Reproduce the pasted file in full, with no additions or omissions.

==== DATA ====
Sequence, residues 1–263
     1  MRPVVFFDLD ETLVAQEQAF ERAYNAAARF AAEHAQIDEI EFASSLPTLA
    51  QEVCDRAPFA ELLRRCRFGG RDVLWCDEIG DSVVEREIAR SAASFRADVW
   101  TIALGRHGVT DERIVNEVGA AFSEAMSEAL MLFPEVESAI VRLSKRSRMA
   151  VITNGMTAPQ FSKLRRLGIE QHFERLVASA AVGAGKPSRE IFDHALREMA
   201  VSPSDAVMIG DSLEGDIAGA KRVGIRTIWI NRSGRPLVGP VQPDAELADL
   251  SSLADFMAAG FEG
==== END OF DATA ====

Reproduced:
Sequence, residues 1–263
     1  MRPVVFFDLD ETLVAQEQAF ERAYNAAARF AAEHAQIDEI EFASSLPTLA
    51  QEVCDRAPFA ELLRRCRFGG RDVLWCDEIG DSVVEREIAR SAASFRADVW
   101  TIALGRHGVT DERIVNEVGA AFSEAMSEAL MLFPEVESAI VRLSKRSRMA
   151  VITNGMTAPQ FSKLRRLGIE QHFERLVASA AVGAGKPSRE IFDHALREMA
   201  VSPSDAVMIG DSLEGDIAGA KRVGIRTIWI NRSGRPLVGP VQPDAELADL
   251  SSLADFMAAG FEG